Fidelity National Financial has teamed with the National Notary Association (NNA) to make the job of notary simple and worry-free! We've worked with the NNA to preselect all the notary supplies you will need. You'll receive everything required by law plus items to make your duties easier. And there's no prepayment required on your part. Once your manager approves the application/order, your company will be billed directly. To apply for a notary commission or renew your notary, visit our joint Web site located on the Company's intranet under the Escrow Administration page and select "Notary Information."


Car Burglary Results in Stolen Escrow Files

Yikes! An escrow officer took files home to work on and had them stolen out of her car. The files contained personal information about the principals, including loan applications.

Recently one of our escrow officers had a 5 p.m. doctor's appointment, prompting her to leave the office early. She had just received two sets of loan documents, prior to leaving, which she took home in order to work-up so the signings could take place the following day.

While at the doctor's office someone smashed the back window out of the escrow officer's car and stole the rolling computer bag containing the files she had taken home to work on. These are the steps she took to notify and protect the consumers' private information contained in those files:

  • Filed a police report, so if the files were recovered, the local police would know where to return the stolen property.
  • Notified National Escrow Administration at settlement@fnf.com.
  • Notified the Chief Compliance Officer who sent a Notice of Breach to each consumer detailing the event.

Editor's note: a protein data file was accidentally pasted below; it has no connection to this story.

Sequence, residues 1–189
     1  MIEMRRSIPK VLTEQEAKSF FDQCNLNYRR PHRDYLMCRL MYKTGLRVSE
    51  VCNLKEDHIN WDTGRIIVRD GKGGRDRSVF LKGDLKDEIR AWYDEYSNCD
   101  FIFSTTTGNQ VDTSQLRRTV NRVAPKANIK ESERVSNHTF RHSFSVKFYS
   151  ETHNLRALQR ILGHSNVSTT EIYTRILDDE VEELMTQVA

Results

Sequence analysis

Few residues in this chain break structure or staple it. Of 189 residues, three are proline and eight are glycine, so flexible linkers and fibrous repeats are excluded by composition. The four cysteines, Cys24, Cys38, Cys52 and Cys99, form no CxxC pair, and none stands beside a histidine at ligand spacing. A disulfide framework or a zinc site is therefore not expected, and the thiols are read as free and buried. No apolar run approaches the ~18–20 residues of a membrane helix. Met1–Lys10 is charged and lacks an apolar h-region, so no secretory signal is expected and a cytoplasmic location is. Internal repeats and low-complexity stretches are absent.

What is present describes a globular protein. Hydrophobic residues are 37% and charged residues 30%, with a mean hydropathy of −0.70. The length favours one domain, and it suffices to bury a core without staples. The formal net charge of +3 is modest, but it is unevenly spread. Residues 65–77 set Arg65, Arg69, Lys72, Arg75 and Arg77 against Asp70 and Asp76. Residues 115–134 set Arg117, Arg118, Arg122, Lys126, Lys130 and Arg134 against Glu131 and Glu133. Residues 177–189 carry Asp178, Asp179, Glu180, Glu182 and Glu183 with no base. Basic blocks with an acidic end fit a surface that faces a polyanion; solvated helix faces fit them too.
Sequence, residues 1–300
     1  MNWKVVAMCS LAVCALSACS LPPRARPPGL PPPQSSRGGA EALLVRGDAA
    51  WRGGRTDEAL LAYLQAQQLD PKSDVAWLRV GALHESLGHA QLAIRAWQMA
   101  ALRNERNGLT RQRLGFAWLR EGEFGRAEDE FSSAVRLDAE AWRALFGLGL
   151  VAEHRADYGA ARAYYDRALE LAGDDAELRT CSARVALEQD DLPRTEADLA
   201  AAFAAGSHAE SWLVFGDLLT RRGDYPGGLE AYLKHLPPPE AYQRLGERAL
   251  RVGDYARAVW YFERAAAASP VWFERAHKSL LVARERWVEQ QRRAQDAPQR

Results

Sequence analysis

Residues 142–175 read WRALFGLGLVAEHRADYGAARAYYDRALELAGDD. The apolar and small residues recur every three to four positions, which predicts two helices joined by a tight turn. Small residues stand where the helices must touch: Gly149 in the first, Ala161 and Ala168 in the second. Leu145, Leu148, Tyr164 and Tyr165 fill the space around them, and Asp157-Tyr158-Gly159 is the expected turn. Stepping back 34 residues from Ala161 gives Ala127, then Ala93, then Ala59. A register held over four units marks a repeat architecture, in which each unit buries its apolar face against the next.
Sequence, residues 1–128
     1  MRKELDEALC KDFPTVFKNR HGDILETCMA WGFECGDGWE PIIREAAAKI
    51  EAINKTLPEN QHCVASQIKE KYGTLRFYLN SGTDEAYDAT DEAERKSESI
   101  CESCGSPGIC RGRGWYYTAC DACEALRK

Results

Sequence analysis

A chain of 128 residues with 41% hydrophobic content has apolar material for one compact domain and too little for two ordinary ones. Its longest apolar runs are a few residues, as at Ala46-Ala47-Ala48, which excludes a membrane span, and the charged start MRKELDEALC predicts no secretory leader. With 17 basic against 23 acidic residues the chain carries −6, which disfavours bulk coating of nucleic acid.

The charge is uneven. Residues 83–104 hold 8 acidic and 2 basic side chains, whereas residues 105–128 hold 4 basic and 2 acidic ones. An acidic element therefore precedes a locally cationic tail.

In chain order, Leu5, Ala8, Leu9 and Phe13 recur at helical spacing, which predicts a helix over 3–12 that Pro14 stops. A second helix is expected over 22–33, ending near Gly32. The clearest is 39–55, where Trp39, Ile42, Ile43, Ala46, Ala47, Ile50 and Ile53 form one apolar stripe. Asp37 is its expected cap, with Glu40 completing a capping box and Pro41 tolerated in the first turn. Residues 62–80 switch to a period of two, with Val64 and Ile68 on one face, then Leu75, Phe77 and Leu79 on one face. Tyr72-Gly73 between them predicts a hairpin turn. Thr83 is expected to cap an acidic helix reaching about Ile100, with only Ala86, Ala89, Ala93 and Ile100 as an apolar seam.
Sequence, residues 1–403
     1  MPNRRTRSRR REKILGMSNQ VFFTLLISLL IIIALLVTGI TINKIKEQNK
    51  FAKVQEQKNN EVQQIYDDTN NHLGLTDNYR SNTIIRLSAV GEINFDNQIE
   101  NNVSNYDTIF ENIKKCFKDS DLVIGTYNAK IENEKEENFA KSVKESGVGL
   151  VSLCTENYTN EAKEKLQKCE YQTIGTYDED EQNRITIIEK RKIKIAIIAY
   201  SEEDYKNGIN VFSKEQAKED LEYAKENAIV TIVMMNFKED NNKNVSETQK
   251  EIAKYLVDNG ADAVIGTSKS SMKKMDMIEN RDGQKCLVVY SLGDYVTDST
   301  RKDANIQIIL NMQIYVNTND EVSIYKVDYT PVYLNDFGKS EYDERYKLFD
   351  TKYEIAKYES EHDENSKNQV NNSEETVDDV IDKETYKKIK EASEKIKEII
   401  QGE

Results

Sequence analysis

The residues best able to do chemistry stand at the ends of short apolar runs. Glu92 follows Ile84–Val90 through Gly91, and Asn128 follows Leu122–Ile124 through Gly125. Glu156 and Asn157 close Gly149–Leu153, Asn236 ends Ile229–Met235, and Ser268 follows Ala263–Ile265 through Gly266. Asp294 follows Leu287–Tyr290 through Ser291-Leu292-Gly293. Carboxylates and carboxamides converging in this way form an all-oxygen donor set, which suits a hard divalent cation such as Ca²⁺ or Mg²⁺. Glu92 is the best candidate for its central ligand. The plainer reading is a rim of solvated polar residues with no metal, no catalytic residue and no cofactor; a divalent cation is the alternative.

• Provided the consumers with a free year of Credit Check® Basic Credit Monitoring from Experian® – the consumers will be immediately notified if their identity is compromised.
  • Recreated the escrow file from scratch, including the order of new payoff statements, Homeowners Association demands and lien release information.

We view privacy and security of our customer information as a very serious matter and are committed to appropriate measures to protect our customers' personal information. As such, the Company has instituted the following process for working on files outside of the office:

  • Original escrow files and their contents can not be removed from the office. If a settlement employee needs to work on a file outside of the office, only the documents needed to work up the file may be copied and removed from the office.
  • Settlement employees should treat non-public financial documents as if they contained their own private information. If a signing appointment is scheduled outside the office, only the documents needed for the signing may be removed from the office, not the entire escrow file. Carefully consider the security of the documents when making arrangements for delivery to a mobile notary. Duplicates of the documents must be easily available if a replacement is needed.
  • If the employee is working from a personal home computer, the employee is not permitted to download or save any non-public consumer information to the workstation.
  • Employees must shred any documents or information printed from their home computer. They can not throw away documents containing non-public information.

This policy was conveyed through escrow technical memorandum numbered 101-2009. If you did not receive the memo, it is available along with other previously issued memos and bulletins in the escrow administrator's library, on the Company's intranet. If you have questions regarding this new policy, or would like to request a copy, contact your escrow administrators at settlement@fnf.com or 949.622.4425.